How to win your Oscar pool

Brian D. Johnson handicaps the most politically charged showdown in the history of the Academy

by Brian D. Johnson

On Sunday night Hollywood will pay homage to itself with a rite of regal pageantry not seen since . . . well, Obama’s inauguration. And after a year saturated in American politics, the Oscar race has come down to what may be the most politically charged showdown in the history of the Academy—a Mexican stand-off that pits the drama of a legendary American president against two tales of heroic CIA agents battling evil Islamic fundamentalists.

Lincoln started out as the natural-born front-runner. But during the string of pre-Oscar primaries—from the Golden Globes to the directors’/producers’/actors’ guild awards—Argo surged into the lead, powered by the populist charm offensive of its self-effacing director and star, Ben Affleck.

Lincoln’s other challenger, Zero Dark Thirty, was bloodied by a Washington backlash from high-ranking senators who claimed the movie condoned torture by misrepresenting its role in the hunt for Osama bin Laden. Those charges effectively tainted the movie in the eyes of liberal Hollywood, and robbed director Katherine Bigelow of an Oscar nomination.

For fear of inflaming the controversy, Sony, the distributor of Zero Dark Thirty, rode out the storm with no counter attack. As a recent article in the Los Angeles Times recently pointed out, while Lincoln’s Steven Spielberg found a champion in Bill Clinton and Silver Linings Playbook got a seal of approval from Dr. Oz, Zero Dark Thirty was left undefended.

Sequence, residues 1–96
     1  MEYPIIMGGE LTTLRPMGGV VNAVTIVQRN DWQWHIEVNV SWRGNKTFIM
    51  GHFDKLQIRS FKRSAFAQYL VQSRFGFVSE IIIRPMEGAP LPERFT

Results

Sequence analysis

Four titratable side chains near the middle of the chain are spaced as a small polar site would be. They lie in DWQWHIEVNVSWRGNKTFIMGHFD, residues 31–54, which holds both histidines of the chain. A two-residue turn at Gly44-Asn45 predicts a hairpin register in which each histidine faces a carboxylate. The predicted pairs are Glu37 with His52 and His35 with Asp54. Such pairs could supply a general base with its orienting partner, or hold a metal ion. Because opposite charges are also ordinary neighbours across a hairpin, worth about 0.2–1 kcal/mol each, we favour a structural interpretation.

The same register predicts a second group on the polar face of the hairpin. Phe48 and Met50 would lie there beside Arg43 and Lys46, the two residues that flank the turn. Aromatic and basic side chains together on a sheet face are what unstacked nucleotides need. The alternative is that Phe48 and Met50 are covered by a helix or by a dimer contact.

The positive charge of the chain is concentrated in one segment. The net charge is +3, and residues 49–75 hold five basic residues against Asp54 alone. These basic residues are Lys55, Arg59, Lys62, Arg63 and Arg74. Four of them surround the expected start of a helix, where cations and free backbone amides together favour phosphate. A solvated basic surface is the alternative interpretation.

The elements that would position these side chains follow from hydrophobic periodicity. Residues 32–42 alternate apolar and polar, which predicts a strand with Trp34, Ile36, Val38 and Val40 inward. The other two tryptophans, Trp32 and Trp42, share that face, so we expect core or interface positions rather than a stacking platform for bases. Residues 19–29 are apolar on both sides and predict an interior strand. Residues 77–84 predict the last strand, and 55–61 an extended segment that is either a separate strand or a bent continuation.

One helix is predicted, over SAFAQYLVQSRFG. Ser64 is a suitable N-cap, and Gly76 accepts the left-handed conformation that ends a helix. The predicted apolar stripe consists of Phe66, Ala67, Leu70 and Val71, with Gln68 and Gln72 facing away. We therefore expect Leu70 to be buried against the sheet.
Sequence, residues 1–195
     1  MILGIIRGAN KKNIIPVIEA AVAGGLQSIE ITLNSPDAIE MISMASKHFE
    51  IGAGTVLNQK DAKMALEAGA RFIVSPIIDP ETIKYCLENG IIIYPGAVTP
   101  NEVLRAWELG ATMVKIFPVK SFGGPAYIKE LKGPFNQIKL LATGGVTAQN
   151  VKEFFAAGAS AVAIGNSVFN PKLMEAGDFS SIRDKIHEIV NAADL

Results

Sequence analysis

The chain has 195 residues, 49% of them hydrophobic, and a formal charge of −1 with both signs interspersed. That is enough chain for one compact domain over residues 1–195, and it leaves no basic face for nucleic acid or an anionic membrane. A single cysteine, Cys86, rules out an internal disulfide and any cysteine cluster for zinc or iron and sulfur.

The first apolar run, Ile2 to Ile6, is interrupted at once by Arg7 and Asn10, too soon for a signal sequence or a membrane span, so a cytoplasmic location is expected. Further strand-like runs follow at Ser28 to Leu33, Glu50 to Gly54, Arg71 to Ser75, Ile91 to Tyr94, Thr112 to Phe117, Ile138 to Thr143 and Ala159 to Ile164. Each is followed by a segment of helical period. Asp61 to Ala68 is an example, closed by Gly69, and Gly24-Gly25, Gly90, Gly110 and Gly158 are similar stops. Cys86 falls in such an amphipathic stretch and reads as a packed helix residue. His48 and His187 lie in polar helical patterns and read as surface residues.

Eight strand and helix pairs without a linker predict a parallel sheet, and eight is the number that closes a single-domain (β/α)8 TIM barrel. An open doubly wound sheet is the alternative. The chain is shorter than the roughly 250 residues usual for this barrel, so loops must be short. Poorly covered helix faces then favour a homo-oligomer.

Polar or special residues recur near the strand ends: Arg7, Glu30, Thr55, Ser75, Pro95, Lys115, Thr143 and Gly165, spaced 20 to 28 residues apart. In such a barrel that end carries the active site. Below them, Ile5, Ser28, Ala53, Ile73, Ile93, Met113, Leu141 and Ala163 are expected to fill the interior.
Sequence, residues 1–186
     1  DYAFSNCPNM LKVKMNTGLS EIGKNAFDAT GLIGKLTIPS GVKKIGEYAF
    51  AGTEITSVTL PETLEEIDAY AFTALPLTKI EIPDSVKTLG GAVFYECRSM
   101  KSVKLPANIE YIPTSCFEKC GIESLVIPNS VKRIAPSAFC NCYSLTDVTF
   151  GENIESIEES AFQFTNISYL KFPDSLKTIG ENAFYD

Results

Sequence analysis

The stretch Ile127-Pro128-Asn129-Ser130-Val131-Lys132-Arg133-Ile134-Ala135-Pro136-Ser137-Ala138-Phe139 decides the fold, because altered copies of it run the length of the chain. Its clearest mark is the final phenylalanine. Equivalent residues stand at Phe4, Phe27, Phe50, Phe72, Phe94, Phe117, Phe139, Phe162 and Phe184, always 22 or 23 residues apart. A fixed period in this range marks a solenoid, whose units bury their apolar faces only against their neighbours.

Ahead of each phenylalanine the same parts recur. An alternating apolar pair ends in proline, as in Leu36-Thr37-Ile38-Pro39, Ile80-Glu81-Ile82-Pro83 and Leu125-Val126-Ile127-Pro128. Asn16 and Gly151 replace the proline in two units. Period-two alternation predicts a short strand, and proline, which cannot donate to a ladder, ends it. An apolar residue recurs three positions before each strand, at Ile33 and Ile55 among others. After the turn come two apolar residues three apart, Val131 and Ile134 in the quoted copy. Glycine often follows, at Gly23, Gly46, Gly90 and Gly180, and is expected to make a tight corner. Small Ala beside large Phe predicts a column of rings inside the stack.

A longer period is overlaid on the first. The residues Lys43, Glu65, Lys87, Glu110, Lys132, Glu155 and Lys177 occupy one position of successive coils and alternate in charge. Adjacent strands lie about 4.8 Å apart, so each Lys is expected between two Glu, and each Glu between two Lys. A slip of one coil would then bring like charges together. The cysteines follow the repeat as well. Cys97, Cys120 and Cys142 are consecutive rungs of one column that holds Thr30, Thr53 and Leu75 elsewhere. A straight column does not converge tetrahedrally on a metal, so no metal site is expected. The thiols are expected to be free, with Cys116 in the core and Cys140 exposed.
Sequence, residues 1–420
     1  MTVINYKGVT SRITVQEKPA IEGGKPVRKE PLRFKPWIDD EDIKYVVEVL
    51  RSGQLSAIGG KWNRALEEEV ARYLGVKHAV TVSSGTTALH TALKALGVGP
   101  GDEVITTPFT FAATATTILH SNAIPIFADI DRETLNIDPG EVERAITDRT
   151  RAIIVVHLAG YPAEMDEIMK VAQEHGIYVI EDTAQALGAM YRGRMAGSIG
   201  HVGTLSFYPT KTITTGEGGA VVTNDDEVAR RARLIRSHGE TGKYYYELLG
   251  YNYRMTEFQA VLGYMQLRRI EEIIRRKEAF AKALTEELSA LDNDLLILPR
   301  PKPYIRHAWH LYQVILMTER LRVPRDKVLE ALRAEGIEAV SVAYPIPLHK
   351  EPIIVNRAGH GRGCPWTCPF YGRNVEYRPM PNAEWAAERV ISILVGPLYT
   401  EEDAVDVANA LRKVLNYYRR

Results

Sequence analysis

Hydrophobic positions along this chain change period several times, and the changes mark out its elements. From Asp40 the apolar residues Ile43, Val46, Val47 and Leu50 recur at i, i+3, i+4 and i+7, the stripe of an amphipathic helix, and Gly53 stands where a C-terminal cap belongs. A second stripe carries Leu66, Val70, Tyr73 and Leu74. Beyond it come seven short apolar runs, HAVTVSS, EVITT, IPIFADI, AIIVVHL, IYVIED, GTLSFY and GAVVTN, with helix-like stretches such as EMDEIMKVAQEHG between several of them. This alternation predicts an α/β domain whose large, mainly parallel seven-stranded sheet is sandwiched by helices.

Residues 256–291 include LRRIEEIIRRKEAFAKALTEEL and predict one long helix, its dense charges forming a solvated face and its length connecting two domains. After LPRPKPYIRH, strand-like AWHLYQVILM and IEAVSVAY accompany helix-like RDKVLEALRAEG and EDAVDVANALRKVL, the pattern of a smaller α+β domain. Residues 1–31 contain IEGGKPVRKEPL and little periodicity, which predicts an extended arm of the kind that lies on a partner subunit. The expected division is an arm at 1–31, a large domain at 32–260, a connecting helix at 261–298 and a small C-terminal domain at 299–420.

Since then, the plot has thickened. Some critics have argued that Zero Dark Thirty was unfairly maligned by senators who hijacked its release to heat up their own feud with the CIA. And strong liberal voices, from Michael Moore to Amnesty International, have leaped to the film’s defense, insisting that to portray torture does not condone it. But for Academy’s voters, the redemption of Zero Dark Thirty has likely arrived too late. Besides, if there’s one thing that makes them queasy, aside from water-boarding, it’s moral ambiguity.

So Hollywood has rallied behind Argo, a populist crowd-pleaser, whose come-from-behind triumph has turned into a fable as far-fetched as the one it depicts onscreen. In this case, no one seems concerned that the movie, which Affleck claims is “accurate”, has been heavily fictionalized, and that the story’s real hero, Canadian Ken Taylor, has been demoted to the narrative’s concierge. Affleck has spun the war on terror into a caper movie with a gleaming veneer of gravitas. Hollywood likes nothing better than a “true” story in which Hollywood outwits the foreign devils and saves the day.

But maybe you don’t want to know all this. Maybe you just want to know how to fill out your Oscar ballot and win the office pool. You might consult your astrologer. In my experience, knowing too much about the movies can be a handicap. I’ve never won an Oscar pool.